No, he’s not at the Melody Tent this summer, though for years – decades, actually - a concert by Tony Bennett has been one of the staples of its summer schedule. I used to take my mother to see him when he was in his 60’s. Kathy and I went to hear him there when he was in his 70s. Now, at the age of 88, Tony Bennett is still in command of the stage and his voice, packing the houses, performing over a dozen concerts this summer alone, including one at Tanglewood on August 31. No moss grows under this man’s feet. He is one of the few pop singers who has never lost touch with the contemporary audience. In fact he’s about to release a new album with – of all people – Lady Gaga.
The last time I heard him at the Melody Tent was in August 1998, when he was 72. He was performing with his long-term musicians, the Ralph Sharon Quartet. Ralph Sharon, who looked about 80 then, opened with a piano solo. Then Tony came bounding down the aisle and onto the stage like a boxing contender, immediately launching into his set of standards. His voice has grown increasingly gravelly over the years, but it still held up, far more than Sinatra’s did at the same age. True he now punches out the lines more than he casts them, but he’s always had an almost operatic control of his voice. And he knows how to make his audience feel special. As Kathy put it, “He has the good sense to let his audience adore him.”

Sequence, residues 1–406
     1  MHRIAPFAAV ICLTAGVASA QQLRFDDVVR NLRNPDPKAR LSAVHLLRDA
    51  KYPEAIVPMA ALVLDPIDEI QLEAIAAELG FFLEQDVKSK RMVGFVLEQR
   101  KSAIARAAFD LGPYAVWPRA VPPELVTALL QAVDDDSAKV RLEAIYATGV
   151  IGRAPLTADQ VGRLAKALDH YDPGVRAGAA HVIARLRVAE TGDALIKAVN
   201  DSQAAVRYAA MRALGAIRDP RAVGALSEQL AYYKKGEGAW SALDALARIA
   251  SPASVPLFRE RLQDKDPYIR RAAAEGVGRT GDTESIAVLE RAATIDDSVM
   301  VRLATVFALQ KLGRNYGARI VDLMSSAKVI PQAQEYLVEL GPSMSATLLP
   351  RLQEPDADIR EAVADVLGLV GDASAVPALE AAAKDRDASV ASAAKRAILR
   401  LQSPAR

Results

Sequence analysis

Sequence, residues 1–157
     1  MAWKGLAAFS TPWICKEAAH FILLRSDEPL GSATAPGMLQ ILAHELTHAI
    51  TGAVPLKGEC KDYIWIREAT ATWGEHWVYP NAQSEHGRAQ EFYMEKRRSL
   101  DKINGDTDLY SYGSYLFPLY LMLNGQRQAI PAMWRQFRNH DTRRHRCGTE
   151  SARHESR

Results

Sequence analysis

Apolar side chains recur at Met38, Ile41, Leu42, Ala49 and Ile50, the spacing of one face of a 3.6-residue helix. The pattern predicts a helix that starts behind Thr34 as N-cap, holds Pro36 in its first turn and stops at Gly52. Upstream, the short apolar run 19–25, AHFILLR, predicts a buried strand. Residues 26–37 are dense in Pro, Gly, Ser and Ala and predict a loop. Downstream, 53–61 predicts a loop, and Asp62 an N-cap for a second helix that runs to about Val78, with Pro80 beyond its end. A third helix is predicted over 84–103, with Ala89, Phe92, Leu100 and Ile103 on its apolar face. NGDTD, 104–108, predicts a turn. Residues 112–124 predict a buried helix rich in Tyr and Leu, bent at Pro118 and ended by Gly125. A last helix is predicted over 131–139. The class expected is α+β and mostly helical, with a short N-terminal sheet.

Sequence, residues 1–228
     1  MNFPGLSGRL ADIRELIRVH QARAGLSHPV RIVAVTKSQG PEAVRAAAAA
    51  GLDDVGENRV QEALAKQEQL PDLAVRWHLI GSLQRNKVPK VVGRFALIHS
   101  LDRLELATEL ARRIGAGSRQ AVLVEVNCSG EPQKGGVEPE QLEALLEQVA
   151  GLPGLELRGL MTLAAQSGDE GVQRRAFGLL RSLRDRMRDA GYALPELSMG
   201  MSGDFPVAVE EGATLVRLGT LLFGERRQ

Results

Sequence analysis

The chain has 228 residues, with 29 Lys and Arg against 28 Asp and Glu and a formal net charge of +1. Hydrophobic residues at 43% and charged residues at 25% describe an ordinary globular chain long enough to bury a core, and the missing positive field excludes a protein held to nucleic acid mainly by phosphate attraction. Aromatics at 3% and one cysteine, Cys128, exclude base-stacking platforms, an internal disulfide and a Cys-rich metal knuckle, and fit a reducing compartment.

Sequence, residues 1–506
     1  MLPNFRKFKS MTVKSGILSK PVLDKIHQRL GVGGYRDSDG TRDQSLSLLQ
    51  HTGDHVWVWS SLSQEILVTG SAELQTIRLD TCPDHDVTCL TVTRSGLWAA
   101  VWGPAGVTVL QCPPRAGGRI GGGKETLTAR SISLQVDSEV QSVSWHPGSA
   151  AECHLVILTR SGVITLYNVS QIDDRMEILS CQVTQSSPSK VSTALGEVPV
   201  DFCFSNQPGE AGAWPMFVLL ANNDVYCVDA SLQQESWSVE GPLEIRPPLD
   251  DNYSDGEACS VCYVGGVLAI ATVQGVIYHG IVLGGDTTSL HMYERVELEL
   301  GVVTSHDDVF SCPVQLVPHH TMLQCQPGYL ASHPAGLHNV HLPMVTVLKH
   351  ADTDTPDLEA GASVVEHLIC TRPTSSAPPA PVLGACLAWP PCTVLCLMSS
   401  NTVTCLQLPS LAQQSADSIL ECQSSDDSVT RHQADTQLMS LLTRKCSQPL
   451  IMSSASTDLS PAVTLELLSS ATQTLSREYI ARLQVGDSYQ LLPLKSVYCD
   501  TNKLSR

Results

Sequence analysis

Superb vocalist though he is, I admire Tony Bennett even more as a showman. He seems like a ring master, a hawker of songs and musicians, a referee and a contender all at once. After nearly a half century of live performances, his patter, like his renditions, have gotten a bit hoary, but he makes you feel that he is giving himself to you without reservations. Unlike Sinatra, he’s incapable of singing a true blues song. Even a torch song like “I Want To Be Around” is delivered in an upbeat style. Perhaps that’s why one of his few flops was his album of Sinatra covers, Perfectly Frank. Sinatra’s basic performing personality was cool and introspective. He could sound alone on a stage with a 50-piece band behind him. Bennett, who prefers to perform with a Trio or Quartet, always seems surrounded by a large retinue.
The audience consisted largely of women over 60 (some of them in wheel chairs, enthusiastically clapping their hands), but there was a healthy sprinkling of young people as well. Like Bill Clinton, he conveys the sense that he is always enjoying himself and happy to be here – and he is.
After three encores, and after everyone else had stopped applauding, a young man in his twenties kept clapping, whistling and hooting, trying to bring Tony out one more time, shouting at the audience, “What’s the matter with you all ?” An usher came up to him and told him to stop “making a disturbance.” But he was righteously defiant: “I’ll clap for my man as much as I want to,” he retorted. “I missed Frank – I missed Elvis – I’m not gonna miss this one!”